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"Degrees & Programs"

Q&A with UOPX Career Services

By University of Phoenix
April 28, 2020 • 2 minute read

College graduates often feel immense pride upon completing their degree and earning a diploma. But many are unsure of how to find a job after they’ve graduated.

Haley Foutch, senior manager of mentorship & networking programs, and Alice Rush, certified career counselor, work in the University’s Department of Career Services and often help provide students with guidance on how to prepare for the transition from being a student to an employee.

Foutch and Rush shared their insights on next steps for college grads who are looking to promote themselves.

How should a graduate who is currently an employee promote their new degree at work in hopes of potential career enhancement?

Foutch: It’s important to demonstrate the difference their education has made. Graduates should consider how their new degree can add to their individual and team performance. As students gain skills and knowledge in school, they should put those to use in the workplace and prove their value to make themselves indispensable.

Rush: Once a student finishes his or her degree, it’s really up to the student to schedule a face-to-face meeting with their manager and initiate a professional development coaching session with their boss.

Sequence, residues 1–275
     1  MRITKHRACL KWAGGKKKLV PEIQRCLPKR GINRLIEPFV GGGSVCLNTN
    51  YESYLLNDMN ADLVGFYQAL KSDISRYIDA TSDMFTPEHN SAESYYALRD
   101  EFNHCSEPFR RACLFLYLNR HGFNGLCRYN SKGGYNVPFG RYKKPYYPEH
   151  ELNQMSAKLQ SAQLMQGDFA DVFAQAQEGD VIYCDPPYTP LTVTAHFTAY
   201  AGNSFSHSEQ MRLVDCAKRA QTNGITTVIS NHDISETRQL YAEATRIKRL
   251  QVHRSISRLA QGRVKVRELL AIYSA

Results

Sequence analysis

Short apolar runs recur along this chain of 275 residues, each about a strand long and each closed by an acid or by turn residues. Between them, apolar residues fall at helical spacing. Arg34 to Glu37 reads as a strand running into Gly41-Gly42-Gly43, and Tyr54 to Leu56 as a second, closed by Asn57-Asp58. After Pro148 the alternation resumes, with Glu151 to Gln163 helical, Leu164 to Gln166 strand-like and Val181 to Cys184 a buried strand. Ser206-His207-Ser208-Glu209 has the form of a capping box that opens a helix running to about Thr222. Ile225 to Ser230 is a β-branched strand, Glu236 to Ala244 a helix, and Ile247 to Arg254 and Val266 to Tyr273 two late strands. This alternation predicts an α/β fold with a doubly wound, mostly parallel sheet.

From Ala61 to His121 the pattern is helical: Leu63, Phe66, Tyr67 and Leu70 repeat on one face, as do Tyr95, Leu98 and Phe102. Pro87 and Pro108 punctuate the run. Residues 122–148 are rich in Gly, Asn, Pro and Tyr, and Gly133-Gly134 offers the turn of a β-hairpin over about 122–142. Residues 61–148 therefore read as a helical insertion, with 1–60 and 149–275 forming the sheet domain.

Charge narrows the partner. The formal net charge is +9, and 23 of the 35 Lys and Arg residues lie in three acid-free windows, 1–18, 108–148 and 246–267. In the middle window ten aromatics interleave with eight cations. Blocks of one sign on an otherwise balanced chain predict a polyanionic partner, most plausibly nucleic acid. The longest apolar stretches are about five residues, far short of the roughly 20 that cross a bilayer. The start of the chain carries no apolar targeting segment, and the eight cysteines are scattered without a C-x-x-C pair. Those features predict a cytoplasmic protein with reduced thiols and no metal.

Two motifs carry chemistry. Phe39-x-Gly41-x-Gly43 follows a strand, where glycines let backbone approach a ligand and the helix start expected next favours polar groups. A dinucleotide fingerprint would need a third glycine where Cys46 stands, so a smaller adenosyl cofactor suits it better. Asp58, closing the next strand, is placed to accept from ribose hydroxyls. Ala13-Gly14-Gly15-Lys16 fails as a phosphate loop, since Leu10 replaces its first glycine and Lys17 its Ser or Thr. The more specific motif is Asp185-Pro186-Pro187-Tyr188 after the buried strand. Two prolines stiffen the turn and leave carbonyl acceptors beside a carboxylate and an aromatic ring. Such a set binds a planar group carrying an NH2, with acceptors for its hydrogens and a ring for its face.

Graduates should consider asking their boss for their opinion on any additional skill or experience gaps necessary to move into the next role. Next, schedule an appointment with human resources (HR) to ask them for a current position description of the skills experience and education needed for the new role.

If a recent graduate wants to change jobs because of their new earned degree and skills, how can they best do that?

Foutch: Recent graduates may still feel uncertainty regarding their career paths, so the first thing to do is gain clarity regarding short and long-term goals and what is needed to reach them. Once they have some specific jobs and/or companies in mind, add education and newly gained skills to resumes, LinkedIn and other branding vehicles.

This is part of building a personal brand, which also includes an elevator pitch and the way they describe themselves professionally. Additionally, graduates need to reach out to their networks to update them on what’s new and how they want to put their education to use.

Rush: The most central resource for making an external job change is through using the professional association related to the new career goal. Seek out opportunities to serve on the board of directors for greater visibility and to launch a new professional network quickly. Consider joining their mentoring program and job club, and request a directory of members to help set up informational interviews with members who worked in the organizations they want to work for.